Further Reading & Resources
- Links and Hypertext from WebAIM
- Writing Hyperlinks: Salient, Descriptive, Start with Keyword (This is focused on usability rather than accessibility, but improving usability helps all users.)
Yesterday one of my SMEs asked me how I learned about accessibility requirements for online learning. Like most of my instructional design knowledge, I guess I’m self-taught on accessibility. In a previous job, I was given the task of figuring out how to make text-based versions of interactive Flash practice activities. That project forced me to think about what it’s like to listen to content rather than read it. I didn’t have JAWS or another screen reader, but I used the Windows Narrator and at least tried to imagine whether the content would work if I was just listening.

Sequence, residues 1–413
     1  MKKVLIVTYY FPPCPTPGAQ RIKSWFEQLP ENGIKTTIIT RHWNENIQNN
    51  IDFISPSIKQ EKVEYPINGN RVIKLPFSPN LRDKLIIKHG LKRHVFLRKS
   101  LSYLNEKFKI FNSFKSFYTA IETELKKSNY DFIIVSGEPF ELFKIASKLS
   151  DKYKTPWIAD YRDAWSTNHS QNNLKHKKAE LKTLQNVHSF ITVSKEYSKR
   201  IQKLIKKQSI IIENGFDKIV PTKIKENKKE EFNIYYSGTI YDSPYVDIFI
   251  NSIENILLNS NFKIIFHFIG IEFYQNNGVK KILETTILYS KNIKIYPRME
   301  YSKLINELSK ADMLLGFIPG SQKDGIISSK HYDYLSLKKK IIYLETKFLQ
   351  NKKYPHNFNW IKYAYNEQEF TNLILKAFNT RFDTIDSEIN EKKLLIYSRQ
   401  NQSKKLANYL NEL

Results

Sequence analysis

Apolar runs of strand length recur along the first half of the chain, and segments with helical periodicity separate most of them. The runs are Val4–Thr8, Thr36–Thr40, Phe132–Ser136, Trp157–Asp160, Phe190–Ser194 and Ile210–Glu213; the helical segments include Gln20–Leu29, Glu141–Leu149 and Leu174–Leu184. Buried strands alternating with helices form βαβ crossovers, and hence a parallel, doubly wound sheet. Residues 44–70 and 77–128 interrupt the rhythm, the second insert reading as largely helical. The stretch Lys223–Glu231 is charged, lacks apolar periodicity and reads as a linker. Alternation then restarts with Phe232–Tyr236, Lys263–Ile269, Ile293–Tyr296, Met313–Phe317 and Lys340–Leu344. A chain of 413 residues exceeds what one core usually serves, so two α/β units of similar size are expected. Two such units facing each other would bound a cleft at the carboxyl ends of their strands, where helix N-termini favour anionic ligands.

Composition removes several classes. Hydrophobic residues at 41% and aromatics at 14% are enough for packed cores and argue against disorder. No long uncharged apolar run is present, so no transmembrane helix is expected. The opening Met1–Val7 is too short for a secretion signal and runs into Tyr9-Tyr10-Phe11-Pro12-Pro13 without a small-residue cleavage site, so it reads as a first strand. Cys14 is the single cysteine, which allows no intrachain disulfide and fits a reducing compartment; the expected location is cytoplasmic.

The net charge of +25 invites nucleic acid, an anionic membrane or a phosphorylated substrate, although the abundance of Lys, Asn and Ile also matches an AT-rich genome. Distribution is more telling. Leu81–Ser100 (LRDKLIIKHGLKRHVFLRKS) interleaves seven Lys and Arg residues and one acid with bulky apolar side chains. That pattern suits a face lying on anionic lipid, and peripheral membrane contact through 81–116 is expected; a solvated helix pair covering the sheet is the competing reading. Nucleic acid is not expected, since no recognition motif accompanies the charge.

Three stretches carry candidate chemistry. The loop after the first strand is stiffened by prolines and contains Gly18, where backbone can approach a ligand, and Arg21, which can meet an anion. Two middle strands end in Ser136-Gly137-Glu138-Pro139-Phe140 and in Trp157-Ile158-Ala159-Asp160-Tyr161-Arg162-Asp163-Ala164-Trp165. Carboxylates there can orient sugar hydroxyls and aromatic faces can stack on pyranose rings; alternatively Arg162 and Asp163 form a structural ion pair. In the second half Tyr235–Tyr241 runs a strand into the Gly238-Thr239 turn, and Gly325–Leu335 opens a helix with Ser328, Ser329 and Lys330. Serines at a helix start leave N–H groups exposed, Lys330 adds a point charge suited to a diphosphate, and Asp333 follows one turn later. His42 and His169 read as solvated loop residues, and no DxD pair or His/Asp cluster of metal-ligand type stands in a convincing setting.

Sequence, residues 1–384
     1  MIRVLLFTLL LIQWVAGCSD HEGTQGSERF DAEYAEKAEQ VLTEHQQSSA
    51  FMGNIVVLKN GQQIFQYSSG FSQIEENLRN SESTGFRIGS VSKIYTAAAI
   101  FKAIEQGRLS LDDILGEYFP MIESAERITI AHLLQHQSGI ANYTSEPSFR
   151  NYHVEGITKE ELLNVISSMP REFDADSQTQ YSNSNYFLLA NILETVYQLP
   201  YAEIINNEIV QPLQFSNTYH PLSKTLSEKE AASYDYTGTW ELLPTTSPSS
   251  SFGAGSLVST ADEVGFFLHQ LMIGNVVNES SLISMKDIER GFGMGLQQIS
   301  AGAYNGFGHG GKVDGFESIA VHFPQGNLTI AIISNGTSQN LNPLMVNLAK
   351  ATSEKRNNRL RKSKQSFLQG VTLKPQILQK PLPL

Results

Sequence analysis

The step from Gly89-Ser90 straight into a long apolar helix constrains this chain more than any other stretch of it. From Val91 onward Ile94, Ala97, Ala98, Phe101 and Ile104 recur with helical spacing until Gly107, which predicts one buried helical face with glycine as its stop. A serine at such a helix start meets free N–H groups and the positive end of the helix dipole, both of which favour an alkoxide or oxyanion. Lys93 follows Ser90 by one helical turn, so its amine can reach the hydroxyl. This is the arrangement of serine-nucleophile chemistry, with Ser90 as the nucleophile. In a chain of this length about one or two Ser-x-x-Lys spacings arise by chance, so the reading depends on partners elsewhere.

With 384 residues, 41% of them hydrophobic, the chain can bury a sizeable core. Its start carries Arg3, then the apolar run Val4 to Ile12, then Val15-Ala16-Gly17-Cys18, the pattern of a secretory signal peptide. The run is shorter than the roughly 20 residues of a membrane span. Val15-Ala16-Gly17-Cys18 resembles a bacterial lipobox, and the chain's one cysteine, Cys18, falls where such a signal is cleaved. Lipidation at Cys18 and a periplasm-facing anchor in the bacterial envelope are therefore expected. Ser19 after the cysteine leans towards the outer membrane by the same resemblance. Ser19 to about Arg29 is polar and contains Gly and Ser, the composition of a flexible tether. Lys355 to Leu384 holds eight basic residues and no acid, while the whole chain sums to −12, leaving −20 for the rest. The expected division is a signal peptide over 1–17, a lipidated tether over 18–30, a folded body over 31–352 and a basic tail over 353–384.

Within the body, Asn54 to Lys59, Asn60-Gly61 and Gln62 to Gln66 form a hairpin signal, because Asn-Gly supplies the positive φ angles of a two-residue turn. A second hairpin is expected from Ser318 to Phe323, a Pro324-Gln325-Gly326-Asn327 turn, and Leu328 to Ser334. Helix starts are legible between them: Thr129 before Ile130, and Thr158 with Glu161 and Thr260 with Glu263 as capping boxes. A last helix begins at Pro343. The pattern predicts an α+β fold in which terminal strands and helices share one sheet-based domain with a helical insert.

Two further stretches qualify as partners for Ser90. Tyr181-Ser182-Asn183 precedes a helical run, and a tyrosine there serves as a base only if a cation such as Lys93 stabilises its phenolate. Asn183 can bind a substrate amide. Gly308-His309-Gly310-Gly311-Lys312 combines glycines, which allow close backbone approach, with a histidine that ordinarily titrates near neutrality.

Since then, I’ve spent more time educating myself. I read Joe Clark’s book, Building Accessible Websites (a bit outdated now, but available for free on his site). I’ve attended some conference presentations and have actually read through the all the legal requirements. I’ve been gradually adding accessibility features to courses over the last two years as I learn more. But it hasn’t been particularly systematic or formal learning.
At a conference this week, Natalie Kilkenny had a very valuable experience with informal learning about accessibility. The presenter never shows up, so someone in the audience started a discussion to share what people knew and what they were struggling with. As a result of that discussion, she found several new resources and gained some new perspectives on usability.
I’m curious about how you’re learning about accessibility in e-learning. I’d appreciate if you could take a minute and answer my poll. It’s only one question, but if you’re reading this in a feed reader you’ll probably need to visit my blog to take it.